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Update: Almost Three-Fourths of Medi-Cal Toddlers Miss Annual Lead Tests Required by Law

Policy Analysis
Wednesday, January 31, 2018

In September, EWG reported that each year about a third of California toddlers enrolled in Medi-Cal don’t receive lead testing required by law. But the problem is much worse than we estimated.

EWG’s new analysis of state records shows that between 2012 and 2016, almost three-fourths of 1- and 2-year-olds enrolled in the state-run low-income health insurance program were not tested for lead in their blood.

This new calculation is especially alarming because Medi-Cal children are seven times more likely to be lead-poisoned than children from higher-income families. If children with high blood lead levels are not identified through testing, they cannot receive treatment.

These figures are culled from Medi-Cal billing data from the California Department of Health Care Services. The previous estimate was based on incomplete data from the Department of Public Health, obtained through an open records request. The Department of Health Care Services released its billing data at the request of Assembly Member Bill Quirk, D-Hayward, co-author of a bill signed into law last fall to expand lead testing.

Almost Three-Fourths of Medi-Cal Toddlers Were Not Tested for Lead Poisoning

Fiscal Year

Number of 1- and 2-Year-Olds in Medi-Cal Who Received Blood Lead Tests

Number of 1- and 2-Year-Olds in Medi-Cal

Number of 1- and 2-Year-Olds in Medi-Cal Who Were Not Tested

2012

 192,399

 682,330

489,931

2013

 199,793

 702,736

502,943

2014

 206,113

 728,158

522,045

2015

 212,770

 774,933

562,163

2016

 221,194

 787,506

566,312

Source: EWG, from Department of Health Care Services Medi-Cal billing records provided by the California State Assembly.


The new Medi-Cal billing data show that in the fiscal years 2012 to 2016, an annual average of about 529,000 toddlers enrolled in the program did not receive required lead tests. That means that during that time period, an average of only 28 percent of children in the program were tested.

Federal law and federal and state regulations require all children receiving Medicaid, called Medi-Cal in California, to be tested for lead exposure when they are 12 and 24 months old. EWG’s earlier investigation found that for decades California has fallen short of compliance.

The American Academy of Pediatrics and the Centers for Disease Control and Prevention agree that there is no safe level of lead in children. Lead is a carcinogen, harms kidney function, and has been linked to delayed growth.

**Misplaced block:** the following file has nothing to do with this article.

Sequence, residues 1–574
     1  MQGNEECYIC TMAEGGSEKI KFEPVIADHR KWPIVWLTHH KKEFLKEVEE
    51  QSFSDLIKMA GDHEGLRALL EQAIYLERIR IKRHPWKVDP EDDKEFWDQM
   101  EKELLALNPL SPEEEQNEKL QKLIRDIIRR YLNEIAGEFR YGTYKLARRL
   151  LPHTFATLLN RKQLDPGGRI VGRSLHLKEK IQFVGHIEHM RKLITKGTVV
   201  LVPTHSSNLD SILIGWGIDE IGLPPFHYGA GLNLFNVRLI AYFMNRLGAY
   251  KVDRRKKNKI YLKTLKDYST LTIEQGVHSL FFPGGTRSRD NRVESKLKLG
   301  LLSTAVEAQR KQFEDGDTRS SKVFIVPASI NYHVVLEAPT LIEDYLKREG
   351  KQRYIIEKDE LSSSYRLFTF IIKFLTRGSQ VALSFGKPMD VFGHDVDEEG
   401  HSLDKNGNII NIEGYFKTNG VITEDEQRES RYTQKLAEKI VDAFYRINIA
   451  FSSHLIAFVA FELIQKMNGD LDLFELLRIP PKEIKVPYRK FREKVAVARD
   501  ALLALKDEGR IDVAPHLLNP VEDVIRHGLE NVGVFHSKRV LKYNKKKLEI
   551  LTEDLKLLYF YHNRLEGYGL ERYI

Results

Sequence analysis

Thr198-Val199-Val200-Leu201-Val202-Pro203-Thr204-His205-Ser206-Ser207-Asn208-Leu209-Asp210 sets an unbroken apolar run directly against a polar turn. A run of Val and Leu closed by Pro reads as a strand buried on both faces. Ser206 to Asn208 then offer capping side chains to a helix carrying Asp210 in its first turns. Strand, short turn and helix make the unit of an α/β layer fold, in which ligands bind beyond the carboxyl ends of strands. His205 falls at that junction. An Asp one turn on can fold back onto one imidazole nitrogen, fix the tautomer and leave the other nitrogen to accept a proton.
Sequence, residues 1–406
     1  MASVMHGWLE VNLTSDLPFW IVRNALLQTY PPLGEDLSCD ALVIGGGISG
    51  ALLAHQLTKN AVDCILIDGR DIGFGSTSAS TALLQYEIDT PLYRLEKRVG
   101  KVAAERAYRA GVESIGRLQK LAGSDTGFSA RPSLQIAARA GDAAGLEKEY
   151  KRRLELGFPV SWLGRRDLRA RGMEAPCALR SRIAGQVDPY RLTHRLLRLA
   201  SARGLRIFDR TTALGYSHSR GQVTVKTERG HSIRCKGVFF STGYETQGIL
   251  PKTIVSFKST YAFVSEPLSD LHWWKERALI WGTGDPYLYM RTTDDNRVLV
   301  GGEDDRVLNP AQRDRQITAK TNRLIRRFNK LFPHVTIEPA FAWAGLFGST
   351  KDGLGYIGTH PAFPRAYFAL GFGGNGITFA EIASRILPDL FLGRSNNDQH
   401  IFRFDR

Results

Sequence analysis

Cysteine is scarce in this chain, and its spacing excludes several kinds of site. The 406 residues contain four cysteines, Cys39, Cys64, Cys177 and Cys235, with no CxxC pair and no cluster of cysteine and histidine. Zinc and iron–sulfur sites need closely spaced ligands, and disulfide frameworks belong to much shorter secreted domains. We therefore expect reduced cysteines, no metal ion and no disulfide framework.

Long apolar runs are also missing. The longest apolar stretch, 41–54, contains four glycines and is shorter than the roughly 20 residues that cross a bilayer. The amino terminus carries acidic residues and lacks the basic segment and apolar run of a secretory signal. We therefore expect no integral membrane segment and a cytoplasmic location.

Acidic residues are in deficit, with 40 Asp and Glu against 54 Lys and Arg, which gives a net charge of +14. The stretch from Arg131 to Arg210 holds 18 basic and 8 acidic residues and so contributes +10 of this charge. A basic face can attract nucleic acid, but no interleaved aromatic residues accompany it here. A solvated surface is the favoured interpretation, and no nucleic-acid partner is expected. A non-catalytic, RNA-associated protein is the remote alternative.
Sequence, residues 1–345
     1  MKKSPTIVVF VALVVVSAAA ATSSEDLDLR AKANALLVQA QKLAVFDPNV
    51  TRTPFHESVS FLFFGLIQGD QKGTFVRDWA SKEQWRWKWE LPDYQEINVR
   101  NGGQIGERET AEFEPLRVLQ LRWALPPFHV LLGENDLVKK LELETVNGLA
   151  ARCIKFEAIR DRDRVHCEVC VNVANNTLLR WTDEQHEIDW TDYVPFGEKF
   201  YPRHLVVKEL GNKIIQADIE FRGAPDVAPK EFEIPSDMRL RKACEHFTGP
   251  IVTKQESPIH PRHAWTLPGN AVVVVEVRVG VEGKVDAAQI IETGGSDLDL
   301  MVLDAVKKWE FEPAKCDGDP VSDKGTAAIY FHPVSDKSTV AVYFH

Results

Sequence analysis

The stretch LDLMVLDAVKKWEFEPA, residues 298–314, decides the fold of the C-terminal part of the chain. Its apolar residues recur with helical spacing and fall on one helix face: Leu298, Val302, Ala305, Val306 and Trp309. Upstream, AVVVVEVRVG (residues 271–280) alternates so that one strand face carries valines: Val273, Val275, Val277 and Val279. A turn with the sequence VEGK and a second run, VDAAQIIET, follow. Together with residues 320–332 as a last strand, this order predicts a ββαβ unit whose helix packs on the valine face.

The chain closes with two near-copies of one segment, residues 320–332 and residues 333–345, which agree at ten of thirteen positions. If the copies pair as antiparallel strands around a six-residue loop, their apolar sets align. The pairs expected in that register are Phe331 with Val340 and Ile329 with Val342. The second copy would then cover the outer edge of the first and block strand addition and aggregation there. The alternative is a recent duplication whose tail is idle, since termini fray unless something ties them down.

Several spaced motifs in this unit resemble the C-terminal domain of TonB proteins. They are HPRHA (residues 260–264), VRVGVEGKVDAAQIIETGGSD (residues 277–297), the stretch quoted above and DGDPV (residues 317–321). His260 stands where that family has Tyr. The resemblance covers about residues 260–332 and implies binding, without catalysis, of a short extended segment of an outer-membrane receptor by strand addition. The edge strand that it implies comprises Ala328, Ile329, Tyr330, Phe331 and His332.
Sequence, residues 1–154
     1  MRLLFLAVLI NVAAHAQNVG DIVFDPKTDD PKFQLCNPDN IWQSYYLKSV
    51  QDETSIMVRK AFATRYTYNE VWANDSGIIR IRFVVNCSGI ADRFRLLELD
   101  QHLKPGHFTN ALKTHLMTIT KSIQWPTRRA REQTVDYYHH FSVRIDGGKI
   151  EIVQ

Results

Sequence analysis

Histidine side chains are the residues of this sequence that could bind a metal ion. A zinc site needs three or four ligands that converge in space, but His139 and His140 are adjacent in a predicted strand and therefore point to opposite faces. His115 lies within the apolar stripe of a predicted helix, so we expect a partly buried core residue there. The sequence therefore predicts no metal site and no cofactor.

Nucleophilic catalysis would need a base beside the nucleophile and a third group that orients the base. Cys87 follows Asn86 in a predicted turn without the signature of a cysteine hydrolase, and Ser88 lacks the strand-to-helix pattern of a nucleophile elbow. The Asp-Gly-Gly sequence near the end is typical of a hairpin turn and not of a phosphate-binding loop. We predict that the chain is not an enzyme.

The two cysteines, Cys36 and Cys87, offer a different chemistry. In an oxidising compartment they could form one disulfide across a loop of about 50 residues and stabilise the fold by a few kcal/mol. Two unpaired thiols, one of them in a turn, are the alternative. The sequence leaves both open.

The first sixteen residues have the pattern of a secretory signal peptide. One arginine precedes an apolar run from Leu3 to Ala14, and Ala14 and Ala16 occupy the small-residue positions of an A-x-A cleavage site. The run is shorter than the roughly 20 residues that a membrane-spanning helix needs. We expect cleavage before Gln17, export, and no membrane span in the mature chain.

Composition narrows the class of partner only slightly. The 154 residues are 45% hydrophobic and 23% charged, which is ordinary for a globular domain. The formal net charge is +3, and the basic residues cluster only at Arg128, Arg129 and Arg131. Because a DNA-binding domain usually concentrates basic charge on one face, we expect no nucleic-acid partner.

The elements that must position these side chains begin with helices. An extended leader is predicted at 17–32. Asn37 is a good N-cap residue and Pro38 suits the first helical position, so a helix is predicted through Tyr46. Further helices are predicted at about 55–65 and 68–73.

Lead also damages children’s brains. Even minute amounts of lead in the bodies of very young children cause harm to their central nervous systems. Damages caused by lead carry into adulthood, and recent studies demonstrate that adults who had elevated blood lead levels as children have smaller brains, lower IQs and lower socio-economic status. 

Lead poisoning can threaten children of any socioeconomic status, but those from lower-income families are more likely to live in older housing with lead paint or face exposure from other sources, such as factories and freeway traffic. According to the Department of Public Health, 88 percent of California children who are lead poisoned are enrolled in Medi-Cal.

California defines a case of child lead poisoning as when a child has a tested elevated blood lead level of at least 14.5 micrograms per deciliter of blood, or two consecutive tests of an elevated blood lead level of at least 9.5 micrograms per deciliter of blood.

 The new data show that the state’s failure to ensure lead testing for toddlers on Medi-Cal is an ongoing crisis that demands urgent attention. EWG is working with lawmakers in Sacramento to determine if more legislation is needed in this year’s session to safeguard children’s health. In addition, the Assembly’s Committee on Environmental Safety and Toxic Materials, chaired by Quirk, plans to hold an oversight hearing Feb. 13 to examine why California continues to struggle to lead-test its Medi-Cal toddlers.